Is Facebook the New Walmart?

The price consumers pay for free services and deep discounts has far-reaching ethical and social implications.

Kevin Systrom, chief executive of the popular photo-sharing app Instagram, now owned by Facebook, displays his photo on a mobile phone during an interview. (Photo: Philippe Wojazer/Reuters)

Dec 19, 2012· 3 MIN READ
Amy DuFault is a sustainable fashion writer, consultant as well as Digital Content & Communications Director at the Brooklyn Fashion+Design Accelerator

It’s hard to keep up with the ways we are being duped daily, living in a fast-paced society of convenience, unlimited social sharing and a desire to get more for less. Numbed from the sheer quantity of what we take in, we forget that for every action, is a reaction.

Danish philosopher, theologian, poet and social critic Søren Aabye Kierkegaard summed it up when he said “As a result of knowing and being everything possible, one is in contradiction with oneself.”

If the philosopher/social critic were here today, what would he say of our use of social media. Could he have ever predicted such a worldwide platform could exist? And while we’re hitting him up with questions, what would he say about Sam Walton’s exercise in creating products at rock bottom prices for people who find worth in consuming?

MORE: The Twitter Counterrevolution

The price we pay for free and discount has implications and direct blood ties to a dark psychology that has increasingly become embedded in our DNA.

Take for instance when Facebook bought Instagram last April. Despite already being disillusioned by Facebook on a number of cloudy privacy issues, fresh cries went up decrying the injustice of a massive company growing massively bigger.

Mashable’s 20 Witty Reactions to the buy showcased a mix of reactions from being taken by “the man,” to snarky posts on preparing to lose identity...again.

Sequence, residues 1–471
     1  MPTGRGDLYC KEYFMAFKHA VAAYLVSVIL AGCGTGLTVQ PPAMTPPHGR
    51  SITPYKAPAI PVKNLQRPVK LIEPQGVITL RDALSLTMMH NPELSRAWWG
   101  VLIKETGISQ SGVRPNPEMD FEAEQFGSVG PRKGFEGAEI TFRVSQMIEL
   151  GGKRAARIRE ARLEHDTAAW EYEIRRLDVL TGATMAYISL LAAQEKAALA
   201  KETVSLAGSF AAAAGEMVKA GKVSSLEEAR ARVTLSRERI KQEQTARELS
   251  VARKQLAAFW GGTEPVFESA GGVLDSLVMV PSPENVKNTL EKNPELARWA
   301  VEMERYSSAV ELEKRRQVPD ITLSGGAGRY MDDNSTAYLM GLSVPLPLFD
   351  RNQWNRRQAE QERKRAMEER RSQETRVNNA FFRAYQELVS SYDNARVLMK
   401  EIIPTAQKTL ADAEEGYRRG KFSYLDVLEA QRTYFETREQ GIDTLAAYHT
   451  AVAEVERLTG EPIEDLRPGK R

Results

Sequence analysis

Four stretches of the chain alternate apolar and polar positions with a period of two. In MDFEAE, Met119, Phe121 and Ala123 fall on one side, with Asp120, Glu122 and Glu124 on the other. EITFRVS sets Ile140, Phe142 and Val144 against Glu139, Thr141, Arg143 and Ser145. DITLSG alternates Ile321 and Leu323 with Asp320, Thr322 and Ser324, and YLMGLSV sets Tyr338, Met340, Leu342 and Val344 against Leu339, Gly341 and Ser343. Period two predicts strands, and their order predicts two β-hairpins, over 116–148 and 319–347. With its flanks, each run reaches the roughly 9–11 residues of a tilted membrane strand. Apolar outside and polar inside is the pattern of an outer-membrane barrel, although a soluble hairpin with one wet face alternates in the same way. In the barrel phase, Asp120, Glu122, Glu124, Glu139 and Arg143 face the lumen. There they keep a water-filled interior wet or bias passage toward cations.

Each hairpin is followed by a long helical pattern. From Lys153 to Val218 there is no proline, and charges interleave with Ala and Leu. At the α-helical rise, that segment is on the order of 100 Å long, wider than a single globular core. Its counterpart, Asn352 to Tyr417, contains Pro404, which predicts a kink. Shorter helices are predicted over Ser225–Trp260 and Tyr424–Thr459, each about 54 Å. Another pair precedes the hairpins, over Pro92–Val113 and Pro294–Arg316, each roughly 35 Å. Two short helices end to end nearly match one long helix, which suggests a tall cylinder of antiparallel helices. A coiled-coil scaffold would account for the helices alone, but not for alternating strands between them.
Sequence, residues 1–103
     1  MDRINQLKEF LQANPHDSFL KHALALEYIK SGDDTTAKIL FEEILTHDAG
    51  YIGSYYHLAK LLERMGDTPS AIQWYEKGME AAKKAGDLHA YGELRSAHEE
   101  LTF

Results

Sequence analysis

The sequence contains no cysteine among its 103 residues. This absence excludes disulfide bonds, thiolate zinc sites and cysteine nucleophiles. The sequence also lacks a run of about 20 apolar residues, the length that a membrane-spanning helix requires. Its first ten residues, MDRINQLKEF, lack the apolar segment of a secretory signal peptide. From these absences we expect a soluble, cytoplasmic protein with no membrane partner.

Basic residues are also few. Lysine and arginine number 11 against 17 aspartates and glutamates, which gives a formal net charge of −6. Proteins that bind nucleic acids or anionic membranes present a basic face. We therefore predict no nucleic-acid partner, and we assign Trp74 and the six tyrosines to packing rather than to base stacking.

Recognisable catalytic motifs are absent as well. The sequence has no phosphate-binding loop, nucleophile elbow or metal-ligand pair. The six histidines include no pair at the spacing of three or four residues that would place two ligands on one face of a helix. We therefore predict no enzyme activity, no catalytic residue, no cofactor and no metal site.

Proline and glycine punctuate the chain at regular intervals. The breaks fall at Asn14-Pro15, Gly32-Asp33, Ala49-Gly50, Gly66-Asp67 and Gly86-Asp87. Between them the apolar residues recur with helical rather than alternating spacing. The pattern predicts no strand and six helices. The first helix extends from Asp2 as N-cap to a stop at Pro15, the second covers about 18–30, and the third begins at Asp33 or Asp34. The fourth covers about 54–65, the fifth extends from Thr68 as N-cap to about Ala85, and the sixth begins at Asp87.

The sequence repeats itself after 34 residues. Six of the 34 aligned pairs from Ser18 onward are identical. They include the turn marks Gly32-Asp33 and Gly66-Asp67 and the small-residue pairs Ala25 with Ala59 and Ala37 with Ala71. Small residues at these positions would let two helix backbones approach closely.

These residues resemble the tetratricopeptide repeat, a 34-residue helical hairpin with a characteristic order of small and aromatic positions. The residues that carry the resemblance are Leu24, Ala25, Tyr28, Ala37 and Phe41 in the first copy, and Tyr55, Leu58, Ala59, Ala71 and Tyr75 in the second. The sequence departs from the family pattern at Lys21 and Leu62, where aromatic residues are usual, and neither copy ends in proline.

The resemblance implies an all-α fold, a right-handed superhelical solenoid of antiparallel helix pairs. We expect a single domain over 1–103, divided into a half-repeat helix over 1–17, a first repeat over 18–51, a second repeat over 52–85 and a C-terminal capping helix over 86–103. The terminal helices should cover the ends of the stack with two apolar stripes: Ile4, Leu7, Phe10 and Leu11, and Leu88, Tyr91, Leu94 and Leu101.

Just this past mid-December, Kevin Systrom co-ounder of Instagram, issued a statement clarifying the Instagram Terms of Service, which are already easy enough for the Everyman to understand: “From the start, Instagram was created to become a business,” Systrom said.

As if we didn’t know.

“Their drive to be the total digital representation of every person on the planet is having huge impacts on personal privacy, ownership of our personal digital creations, and expansion of government’s ability to intrude in their citizens’ lives.”

Yet the idea that our private lives have been packaged into products, are social collateral for sale, is troubling to many, but maybe not troubling enough to abandon Instagram and other mass social media platforms.

A friend recently posted on Facebook regarding the Instagram invasion of privacy “This whole thing is ridiculous and people just need to embrace social media for what it is...ugh.”

We might ask just what “it” is and why it smells ripe of social injustice.

Alex Steed, Partner at Knack Factory, a creative content firm based in Portland, Maine, says that, if we need comparisons, Facebook just might be the post-modern, digital Walmart.